The objective of this study was to evaluate the effect of long-term melatonin treatment applied during the non-breeding season on semen characteristics, endocrine function of testicles and baseline level of insulin-like growth factor-I (IGF-I) in Awassi rams kept in the temperate continental zone of Europe and used as semen donors in an artificial insemination (AI) programme. On 23 February (day 0), slow-release melatonin implants were inserted subcutaneously into rams (n = 8). Control animals (n = 8) received no treatment. In both groups, basic semen parameters (concentration, total motility, fast and slow forward motility, morphology), GnRH-induced testosterone response and basal IGF-I concentration were evaluated on days 0, 47 and 71. No differences were found in concentration of spermatozoa, total motility, and numbers of spermatozoa with fast and slow progressive motility and normal/abnormal morphology between the melatonin-treated and the control group. However, in melatonin-treated animals, basal and GnRH-induced testosterone levels were slightly elevated on day 47 and became significantly higher on day 71 (P < 0.05) as compared to controls. There was no difference in plasma IGF-I levels between the groups. In conclusion, slow-release melatonin applied during the non-breeding season improves testicular testosterone production but does not influence the semen characteristics and the IGF-I level of semen donor Awassi rams used in an AI programme and kept in the temperate continental zone of Europe.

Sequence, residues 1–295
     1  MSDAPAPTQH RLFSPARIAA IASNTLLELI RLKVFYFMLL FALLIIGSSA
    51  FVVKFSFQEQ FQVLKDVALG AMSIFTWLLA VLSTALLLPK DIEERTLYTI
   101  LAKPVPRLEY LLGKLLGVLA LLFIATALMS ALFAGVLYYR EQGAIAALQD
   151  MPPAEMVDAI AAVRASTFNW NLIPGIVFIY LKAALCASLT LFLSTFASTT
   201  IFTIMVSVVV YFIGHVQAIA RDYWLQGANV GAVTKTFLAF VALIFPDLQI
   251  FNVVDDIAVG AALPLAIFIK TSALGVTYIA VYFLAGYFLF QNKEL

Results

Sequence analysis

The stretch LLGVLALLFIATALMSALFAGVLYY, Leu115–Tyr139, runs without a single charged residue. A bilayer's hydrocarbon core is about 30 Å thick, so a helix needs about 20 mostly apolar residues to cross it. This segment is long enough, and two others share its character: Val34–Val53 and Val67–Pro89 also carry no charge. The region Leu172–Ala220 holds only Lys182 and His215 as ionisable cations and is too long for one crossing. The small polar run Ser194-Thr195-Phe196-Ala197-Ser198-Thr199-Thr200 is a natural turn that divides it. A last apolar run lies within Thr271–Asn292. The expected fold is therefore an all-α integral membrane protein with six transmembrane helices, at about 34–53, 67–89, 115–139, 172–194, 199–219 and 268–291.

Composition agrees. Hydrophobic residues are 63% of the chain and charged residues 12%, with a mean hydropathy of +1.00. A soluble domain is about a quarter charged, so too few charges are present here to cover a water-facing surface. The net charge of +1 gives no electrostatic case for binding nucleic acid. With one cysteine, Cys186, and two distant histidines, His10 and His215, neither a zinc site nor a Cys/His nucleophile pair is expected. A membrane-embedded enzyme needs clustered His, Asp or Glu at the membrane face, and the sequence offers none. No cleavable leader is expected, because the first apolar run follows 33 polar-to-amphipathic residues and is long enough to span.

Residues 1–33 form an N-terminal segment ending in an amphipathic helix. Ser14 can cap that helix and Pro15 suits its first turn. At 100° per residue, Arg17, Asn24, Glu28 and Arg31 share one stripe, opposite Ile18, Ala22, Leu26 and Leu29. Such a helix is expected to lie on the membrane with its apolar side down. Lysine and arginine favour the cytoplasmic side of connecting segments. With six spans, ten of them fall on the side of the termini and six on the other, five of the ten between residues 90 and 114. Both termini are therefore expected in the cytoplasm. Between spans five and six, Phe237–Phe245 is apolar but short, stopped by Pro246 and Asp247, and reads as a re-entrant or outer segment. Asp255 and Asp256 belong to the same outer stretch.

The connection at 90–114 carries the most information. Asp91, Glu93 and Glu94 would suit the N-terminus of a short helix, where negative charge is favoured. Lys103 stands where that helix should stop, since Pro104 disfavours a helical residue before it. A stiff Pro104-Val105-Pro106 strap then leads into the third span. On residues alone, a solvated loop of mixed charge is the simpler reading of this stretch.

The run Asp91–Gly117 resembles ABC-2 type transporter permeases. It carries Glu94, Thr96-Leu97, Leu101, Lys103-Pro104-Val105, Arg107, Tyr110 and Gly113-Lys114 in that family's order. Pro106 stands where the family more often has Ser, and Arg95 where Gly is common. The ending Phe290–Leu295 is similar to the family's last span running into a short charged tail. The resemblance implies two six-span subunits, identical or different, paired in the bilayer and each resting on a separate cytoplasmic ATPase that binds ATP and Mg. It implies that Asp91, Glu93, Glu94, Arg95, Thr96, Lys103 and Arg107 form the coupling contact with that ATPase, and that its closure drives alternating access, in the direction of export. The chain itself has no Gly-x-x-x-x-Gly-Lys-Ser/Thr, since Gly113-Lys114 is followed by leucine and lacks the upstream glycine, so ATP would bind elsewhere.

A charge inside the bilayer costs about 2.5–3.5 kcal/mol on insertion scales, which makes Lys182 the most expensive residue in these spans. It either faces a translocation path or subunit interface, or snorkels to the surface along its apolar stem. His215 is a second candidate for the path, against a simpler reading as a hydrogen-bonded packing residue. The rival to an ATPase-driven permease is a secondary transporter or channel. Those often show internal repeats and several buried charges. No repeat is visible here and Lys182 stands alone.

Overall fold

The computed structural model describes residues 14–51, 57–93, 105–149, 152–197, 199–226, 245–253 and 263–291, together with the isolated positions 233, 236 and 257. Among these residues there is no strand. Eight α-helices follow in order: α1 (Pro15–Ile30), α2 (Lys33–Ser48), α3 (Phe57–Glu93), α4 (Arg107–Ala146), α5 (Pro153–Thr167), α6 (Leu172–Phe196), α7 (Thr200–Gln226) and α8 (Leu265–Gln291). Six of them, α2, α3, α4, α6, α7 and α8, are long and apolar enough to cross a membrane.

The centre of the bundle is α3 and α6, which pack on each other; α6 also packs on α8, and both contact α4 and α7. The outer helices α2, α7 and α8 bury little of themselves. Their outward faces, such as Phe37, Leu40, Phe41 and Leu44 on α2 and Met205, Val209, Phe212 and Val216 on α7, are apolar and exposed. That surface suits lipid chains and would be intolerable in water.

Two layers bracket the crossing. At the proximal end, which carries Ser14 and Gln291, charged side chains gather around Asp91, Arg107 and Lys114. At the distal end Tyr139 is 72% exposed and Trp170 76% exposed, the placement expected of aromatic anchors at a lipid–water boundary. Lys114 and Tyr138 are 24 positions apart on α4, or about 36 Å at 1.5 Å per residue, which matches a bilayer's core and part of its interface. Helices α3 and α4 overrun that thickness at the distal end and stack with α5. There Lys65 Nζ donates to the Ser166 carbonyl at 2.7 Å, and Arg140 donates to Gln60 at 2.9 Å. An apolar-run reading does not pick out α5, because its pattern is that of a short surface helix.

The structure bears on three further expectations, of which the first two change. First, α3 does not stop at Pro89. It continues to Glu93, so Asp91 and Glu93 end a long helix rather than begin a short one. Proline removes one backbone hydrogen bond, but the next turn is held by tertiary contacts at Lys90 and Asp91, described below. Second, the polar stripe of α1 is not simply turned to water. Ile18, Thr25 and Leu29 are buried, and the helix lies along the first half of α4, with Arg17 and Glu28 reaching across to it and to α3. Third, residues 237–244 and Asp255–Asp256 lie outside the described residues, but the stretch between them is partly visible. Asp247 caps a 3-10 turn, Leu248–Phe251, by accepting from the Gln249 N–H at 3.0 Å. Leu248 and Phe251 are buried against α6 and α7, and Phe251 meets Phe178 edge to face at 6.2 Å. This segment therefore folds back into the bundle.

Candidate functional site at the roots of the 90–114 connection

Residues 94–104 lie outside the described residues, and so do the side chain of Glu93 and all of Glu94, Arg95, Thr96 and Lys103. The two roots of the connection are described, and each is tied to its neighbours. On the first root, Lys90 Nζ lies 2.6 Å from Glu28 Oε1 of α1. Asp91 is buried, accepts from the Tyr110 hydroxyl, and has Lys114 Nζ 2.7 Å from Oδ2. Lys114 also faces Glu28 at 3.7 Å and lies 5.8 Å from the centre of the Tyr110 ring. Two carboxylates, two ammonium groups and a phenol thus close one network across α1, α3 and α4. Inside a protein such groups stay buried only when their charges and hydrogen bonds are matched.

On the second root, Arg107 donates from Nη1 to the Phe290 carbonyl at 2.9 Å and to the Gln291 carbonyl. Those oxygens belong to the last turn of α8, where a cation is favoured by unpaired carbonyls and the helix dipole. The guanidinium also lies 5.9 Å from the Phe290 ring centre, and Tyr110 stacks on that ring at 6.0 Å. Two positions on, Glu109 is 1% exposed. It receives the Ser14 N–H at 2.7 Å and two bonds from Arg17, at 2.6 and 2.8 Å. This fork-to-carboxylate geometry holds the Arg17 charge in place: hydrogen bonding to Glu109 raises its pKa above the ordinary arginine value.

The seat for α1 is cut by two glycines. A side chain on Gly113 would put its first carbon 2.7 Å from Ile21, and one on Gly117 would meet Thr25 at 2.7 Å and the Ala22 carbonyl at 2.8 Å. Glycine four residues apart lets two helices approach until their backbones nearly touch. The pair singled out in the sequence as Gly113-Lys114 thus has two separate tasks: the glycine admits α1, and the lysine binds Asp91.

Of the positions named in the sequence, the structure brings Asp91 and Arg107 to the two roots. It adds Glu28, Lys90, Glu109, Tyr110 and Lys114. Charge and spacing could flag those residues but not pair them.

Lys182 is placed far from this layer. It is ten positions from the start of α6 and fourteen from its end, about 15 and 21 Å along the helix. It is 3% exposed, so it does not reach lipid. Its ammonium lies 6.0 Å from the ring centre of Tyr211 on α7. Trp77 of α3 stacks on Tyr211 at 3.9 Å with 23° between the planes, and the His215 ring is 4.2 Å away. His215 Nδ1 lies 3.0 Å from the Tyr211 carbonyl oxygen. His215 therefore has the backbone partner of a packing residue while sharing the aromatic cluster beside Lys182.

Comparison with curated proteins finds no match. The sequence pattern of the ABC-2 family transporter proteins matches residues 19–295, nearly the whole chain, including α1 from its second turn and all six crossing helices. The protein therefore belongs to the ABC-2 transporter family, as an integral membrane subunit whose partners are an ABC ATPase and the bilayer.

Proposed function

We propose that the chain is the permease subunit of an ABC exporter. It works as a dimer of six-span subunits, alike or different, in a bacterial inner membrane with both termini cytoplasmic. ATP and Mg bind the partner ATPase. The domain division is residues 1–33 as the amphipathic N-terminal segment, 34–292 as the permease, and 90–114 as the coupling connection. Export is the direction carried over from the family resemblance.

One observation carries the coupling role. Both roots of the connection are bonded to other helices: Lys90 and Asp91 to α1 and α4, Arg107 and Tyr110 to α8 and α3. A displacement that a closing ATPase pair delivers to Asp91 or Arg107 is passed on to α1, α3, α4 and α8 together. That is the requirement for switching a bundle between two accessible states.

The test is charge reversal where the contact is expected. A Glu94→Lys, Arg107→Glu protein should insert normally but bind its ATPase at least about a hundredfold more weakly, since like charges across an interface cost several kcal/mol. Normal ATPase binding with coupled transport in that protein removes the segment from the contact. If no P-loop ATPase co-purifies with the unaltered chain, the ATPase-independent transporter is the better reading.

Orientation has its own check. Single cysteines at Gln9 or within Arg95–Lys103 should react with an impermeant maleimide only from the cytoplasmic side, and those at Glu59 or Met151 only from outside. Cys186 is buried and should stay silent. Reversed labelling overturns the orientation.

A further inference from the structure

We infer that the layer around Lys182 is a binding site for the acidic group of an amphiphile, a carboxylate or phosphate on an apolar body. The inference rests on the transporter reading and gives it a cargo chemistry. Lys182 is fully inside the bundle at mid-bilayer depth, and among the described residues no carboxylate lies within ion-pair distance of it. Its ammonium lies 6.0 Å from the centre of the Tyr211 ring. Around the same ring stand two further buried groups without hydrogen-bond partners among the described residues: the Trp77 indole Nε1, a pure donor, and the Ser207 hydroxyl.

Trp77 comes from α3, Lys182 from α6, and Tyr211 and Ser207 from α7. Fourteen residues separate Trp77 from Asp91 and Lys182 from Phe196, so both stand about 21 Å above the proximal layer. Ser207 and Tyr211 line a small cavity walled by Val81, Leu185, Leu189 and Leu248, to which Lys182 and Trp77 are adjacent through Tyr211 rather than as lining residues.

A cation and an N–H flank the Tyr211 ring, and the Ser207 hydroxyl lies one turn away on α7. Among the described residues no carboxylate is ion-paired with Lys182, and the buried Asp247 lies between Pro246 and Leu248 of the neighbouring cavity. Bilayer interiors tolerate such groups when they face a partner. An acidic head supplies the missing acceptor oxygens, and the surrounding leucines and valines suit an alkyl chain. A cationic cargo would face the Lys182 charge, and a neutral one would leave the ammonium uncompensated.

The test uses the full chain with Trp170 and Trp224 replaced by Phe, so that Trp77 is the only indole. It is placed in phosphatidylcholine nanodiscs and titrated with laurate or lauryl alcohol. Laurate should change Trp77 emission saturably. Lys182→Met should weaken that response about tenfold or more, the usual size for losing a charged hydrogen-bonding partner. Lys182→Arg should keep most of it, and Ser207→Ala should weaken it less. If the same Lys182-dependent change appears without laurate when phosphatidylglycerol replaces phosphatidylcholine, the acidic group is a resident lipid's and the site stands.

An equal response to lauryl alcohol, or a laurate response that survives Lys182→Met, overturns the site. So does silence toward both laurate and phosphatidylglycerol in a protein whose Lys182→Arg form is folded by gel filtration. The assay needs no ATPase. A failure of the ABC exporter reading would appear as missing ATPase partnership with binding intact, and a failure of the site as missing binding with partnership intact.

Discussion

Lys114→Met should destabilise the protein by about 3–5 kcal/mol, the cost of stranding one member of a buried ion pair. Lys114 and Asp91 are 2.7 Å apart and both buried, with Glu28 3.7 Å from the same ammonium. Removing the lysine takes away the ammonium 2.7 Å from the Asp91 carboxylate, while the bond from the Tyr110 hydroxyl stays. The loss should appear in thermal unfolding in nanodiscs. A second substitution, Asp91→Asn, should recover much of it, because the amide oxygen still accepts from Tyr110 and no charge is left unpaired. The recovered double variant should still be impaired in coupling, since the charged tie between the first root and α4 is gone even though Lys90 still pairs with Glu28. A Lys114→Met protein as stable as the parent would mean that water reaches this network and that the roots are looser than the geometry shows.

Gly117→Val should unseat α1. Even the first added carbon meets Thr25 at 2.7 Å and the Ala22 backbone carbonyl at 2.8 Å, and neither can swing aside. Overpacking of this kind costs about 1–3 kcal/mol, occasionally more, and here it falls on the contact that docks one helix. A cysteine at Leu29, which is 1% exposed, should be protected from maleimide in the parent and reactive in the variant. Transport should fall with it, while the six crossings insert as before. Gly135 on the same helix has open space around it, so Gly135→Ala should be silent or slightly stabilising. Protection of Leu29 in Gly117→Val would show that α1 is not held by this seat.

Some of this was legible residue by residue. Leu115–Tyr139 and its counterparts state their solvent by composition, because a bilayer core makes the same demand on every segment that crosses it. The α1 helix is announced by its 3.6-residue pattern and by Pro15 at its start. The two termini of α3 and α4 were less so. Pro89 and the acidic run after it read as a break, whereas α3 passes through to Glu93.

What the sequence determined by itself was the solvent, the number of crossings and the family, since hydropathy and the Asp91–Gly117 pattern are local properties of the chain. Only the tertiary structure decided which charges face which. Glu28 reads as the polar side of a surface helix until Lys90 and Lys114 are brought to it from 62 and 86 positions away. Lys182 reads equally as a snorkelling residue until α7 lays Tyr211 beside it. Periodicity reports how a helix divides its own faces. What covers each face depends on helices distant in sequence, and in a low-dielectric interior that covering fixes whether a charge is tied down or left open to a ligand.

Seasonal differences in the resumption of postpartum ovarian activity, milk production and periparturient metabolic status were investigated in lactating non-suckling dairy Awassi sheep in two consecutive experiments. In Experiment 1, autumn-lambing (AL, n = 27) and spring-lambing (SL, n = 37) ewes were investigated. Ovarian activity was monitored by means of individual progesterone (P4) profiles from day 5 to day 100 post partum. Most of the AL dams (89%) ovulated till day 35 after parturition and became cyclic thereafter. Incidence of persistent corpus luteum (CLP) and short luteal phases (sCL) was frequent (18% and 29%, respectively) among non-conceiving dams. In contrast, only 24% of the SL ewes ovulated before day 35. P4 levels during the luteal phase were lower in cyclic animals, and the cycle was longer in SL than in AL animals. No CLP or sCL was detected in the spring-lambing group, and 61% of SL ewes remained acyclic till the end of the trial. Lactation length was significantly longer in SL dams than in AL ewes (P = 0.008). According to the plasma metabolites (BHB, NEFA) and metabolic hormones (insulin, IGF-I, thyroxine) examined, negative energy balance did not appear in any of the animals. However, seasonal differences were seen in IGF-I and thyroxine levels, which were higher in the SL dams. In Experiment 2, influence of additional lighting was studied in autumn-lambing ewes. The long-day photoperiod (LD, n = 23) group was exposed to artificial light from sunset till midnight (approx. 16 h light/8 h dark) from some weeks before the expected date of delivery in mid-September until the end of December. The control group (n = 25) experienced only natural daylength. The first postpartum ovulation tended to occur later in the LD animals than in the controls (P = 0.047). The lactation of the LD group tended to be longer (P = 0.061). NEFA, BHB, insulin, IGF-I and thyroxine levels did not differ between the groups. Conclusions: (i) The ovarian function of the Awassi population is seasonal under temperate continental climate conditions. (ii) The first postpartum ovulation of non-suckling, autumn-lambing dams may occur very early, even before the completion of uterine involution. (iii) Additional artificial lighting may delay the time of first postpartum ovulation in AL ewes. (iv) Postpartum negative energy balance is unlikely to occur in dairy Awassi ewes even in high-producing intensive systems.